Apple's SA users left out in the cold (Again!) (Updated: Digicape comes to the rescue)

The release of Apple’s OS X Lion is old news now (in tech time), and I have resisted the urge to immediately upgrade to the latest operating system because, frankly, I have no real reason to. Snow Leopard caters for my needs perfectly in that I don’t even realise it’s there. Everything just works. However, as a technophile and one with friends who have already upgraded, you quickly start thinking of all the enhancements and how it has the potential to not, on the surface, dramatically change the user experience, it would definitely augment the experience. And lets be honest $29 for a new operating system, ensures that it is not much of a budgetary decision for most Mac users. But alas, as South Africans, we have to always consider our bandwidth constraints before lauding moves towards a cloud based software/ computing environment.

For super users with unlimited data packages, this is obviously something that does not require any consideration, but for the majority of us ‘medio-users’ we have thoughtfully selected a data plan based on our usage/ budget. Downloading a 4Gb operating system is not something is a once off that most of us never considered. Furthermore the constraints involved with downloading large files , is another consideration. I recall numerous attempts at downloading iOS 4.3.1 when it was launched before deciding to rather just download the file (ability to resume download after losing connection) and update manually via iTunes. I dreaded the thought of how I was going to download the mammoth Lion file.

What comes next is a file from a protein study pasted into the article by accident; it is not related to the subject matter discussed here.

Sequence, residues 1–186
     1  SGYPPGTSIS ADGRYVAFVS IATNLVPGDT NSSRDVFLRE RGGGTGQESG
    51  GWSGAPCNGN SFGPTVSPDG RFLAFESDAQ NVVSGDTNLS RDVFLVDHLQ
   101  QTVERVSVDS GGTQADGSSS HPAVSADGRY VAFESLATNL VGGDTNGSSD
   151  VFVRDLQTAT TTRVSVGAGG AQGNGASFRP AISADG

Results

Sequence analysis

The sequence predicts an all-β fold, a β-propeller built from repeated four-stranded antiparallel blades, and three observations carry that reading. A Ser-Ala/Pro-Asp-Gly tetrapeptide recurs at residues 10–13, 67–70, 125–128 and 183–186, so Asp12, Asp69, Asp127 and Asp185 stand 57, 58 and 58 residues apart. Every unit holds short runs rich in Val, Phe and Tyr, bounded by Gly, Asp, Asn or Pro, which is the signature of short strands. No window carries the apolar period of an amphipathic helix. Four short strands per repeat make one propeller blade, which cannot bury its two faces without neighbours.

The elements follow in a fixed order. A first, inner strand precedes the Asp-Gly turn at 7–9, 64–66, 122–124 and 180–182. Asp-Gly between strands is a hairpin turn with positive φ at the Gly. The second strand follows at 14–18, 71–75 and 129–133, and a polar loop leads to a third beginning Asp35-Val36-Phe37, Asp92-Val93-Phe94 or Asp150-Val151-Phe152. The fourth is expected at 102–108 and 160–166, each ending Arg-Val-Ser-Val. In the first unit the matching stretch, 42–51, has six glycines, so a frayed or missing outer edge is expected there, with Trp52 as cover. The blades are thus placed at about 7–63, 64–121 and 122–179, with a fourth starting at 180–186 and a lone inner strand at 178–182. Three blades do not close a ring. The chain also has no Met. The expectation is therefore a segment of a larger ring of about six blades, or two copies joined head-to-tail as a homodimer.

Whilst researching the problem (thanks Google!) I discovered the rather simple solution. Apple in the US and Canada are inviting users who have purchased Lion but have data caps and connectivity issues to use the WiFi at their official Apple Stores to download the OS. Awesome. That sounds infinitely better that the ridiculous option of a $69 USB memory stick loaded with Lion. So, the main gist of my article is not SA’s bandwidth constraints or any of the awesome new features in Lion, but rather the response from our local iStores.
At my next visit to the mall, I stopped at the iStore to enquire on whether this is an option here. There response was that it wasn’t, but instead I could purchase it from the Appstore, stop the download as soon as it begins and bring the receipt to the iStore. They will then give me a DVD with Lion installed. Awesome right! Because surely they only have to download it once, and then just burn the image onto DVD’s or they must have recovery disks they need should a machine not be working. WRONG! Once I purchase Lion form the Appstore for $29, I then need to pay them a further R150 (approx $22). At least with the aforementioned nonsensical USB option you get a cool Apple USB stick!
I would honestly have been comfortable paying, say R50, for the Lion DVD even though I know what the cost of a recordable DVD-R is. And I know that I am therefore really just upset about R100. But it is not just the R100. It is the principle. The Apple users in South Africa are just as passionate about Apple products as those in the US. If you cut us, do we not bleed! If you launch a new iPhone, do we not rush off to buy it! In fact, it could be argued that we are more so, considering the premium we pay for the same hardware. The move to the cloud promises us salvation from this unfair-ness, well at least for the software, but until we resolve our bandwidth constraints, the cloud still seems some distance away.
Update from Ed: Turns out Digicape comes to the rescue. If you show them your receipt of your Lion purchase, they will supply you with a image of Lion, for free. Talk to the guys at @digimates to get yourself sorted.
Well done Digicape.
Image: Lifehacker
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